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28 Nov 2014 | Author: | Comments Off on Buying a Car | Vehicle Inspections | Car Data Checks | Car Reviews | | RAC

MG RV8 (1992 – 1995)

The MG RV8 is one of the stranger chapters in British history. Just as we like to how it would be if dinosaurs walked the today, a similar thought have been running the collective consciousness at Rover’s Projects division in the early

To be fair to these enthusiasts, only had a shoestring budget and a sense of historical rectitude to with, but it seems the fruit of labours has become something of a venture. Powered by a hulking V8 many saw the RV8 as the car the MGB would have had it not been left to wither on the

Emerging on the heels of the MG Metro, and Montego, the RV8 would probably been welcomed were it inept due to the fact that it was a roadster with retro That it was merely reasonably didn’t deter those to put down a deposit at the Birmingham Show in 1992.

As a used the MG RV8 will certainly guarantee a of exclusivity as well as nodding from the sort of gentleman who a pipe and calls the local whenever they see a suspicious foreigner. If the automotive equivalent of Laurie is your thing, the MG RV8 certainly appeal.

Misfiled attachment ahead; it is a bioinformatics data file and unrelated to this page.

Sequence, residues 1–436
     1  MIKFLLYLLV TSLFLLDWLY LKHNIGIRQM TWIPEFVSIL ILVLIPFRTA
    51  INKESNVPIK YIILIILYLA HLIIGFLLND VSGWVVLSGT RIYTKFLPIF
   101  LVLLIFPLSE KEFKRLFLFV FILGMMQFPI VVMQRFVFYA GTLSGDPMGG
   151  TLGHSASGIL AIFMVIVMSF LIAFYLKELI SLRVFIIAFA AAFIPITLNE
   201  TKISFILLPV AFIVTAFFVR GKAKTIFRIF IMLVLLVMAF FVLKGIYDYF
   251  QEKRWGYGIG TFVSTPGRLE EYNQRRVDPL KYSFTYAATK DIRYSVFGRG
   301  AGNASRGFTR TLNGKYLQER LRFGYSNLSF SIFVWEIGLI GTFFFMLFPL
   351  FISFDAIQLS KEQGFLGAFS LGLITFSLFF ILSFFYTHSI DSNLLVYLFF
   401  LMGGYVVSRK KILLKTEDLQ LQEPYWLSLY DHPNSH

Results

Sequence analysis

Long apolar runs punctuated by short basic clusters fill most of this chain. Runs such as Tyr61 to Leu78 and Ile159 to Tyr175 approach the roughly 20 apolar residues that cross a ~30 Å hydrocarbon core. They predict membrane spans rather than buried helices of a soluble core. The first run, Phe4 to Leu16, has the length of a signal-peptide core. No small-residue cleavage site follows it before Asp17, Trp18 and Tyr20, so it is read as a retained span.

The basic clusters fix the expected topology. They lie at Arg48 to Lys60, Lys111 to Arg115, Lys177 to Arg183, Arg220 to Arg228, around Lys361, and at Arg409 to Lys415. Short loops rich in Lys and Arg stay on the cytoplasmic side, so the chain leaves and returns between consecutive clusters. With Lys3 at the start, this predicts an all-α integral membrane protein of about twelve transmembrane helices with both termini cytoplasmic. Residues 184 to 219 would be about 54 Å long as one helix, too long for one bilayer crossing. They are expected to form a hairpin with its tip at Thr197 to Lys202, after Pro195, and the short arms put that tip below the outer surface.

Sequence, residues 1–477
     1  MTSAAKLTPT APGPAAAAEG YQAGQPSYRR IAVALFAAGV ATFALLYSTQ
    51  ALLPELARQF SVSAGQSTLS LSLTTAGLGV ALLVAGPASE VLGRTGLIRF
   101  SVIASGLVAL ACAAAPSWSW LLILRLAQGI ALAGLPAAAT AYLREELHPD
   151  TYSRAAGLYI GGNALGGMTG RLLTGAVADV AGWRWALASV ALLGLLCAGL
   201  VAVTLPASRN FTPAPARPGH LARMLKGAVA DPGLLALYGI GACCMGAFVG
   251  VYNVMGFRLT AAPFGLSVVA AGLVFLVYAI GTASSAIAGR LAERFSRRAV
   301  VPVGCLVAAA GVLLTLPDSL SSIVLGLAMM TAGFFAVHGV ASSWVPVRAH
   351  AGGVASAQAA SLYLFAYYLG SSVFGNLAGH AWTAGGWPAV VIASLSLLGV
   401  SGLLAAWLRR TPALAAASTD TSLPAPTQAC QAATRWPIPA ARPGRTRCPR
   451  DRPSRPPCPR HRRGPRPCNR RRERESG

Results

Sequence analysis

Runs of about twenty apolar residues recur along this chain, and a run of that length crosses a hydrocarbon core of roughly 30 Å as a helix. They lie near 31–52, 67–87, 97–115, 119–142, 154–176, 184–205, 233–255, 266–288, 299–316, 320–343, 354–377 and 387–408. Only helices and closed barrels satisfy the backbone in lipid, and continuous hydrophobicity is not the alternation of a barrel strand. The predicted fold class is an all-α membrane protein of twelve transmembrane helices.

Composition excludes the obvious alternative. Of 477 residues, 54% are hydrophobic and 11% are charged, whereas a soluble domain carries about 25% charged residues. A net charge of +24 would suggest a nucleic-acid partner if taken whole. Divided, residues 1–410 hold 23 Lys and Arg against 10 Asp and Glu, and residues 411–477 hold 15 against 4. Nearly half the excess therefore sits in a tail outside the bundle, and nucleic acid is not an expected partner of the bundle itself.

Models Covered: 2dr 3.9 petrol


Some after the earth cooled, died out and the general public the MG Montego was not the way forward, a germ of an was hatched at Rover Special based at the Gaydon test in Warwickshire. Heading up this of 30 or so engineers was a gentleman called Schlemmer, a man with an eye on what was up the road at the British Motor Heritage Trust.

The sheer awfulness of the MG Maestro had provoked wringing of teeth and gnashing of at BMIHT and rather than petition their local MP, decided to manufacture entire MGB shells in Faringdon, thus the MG dream alive. Recognising they’d never have the in place to build an entire the fruits of BMIHT’s labour appropriated by Schlemmer and his ‘Adder’ parochial Cobra) team.

started in 1990 and resulted in the car offered for sale at the end of 1992 at a heady £26,000.To put this perspective, a 4.0-litre TVR Griffith for £24,802. Take up was slow, due in no part to a decidedly lukewarm reception.

What You Get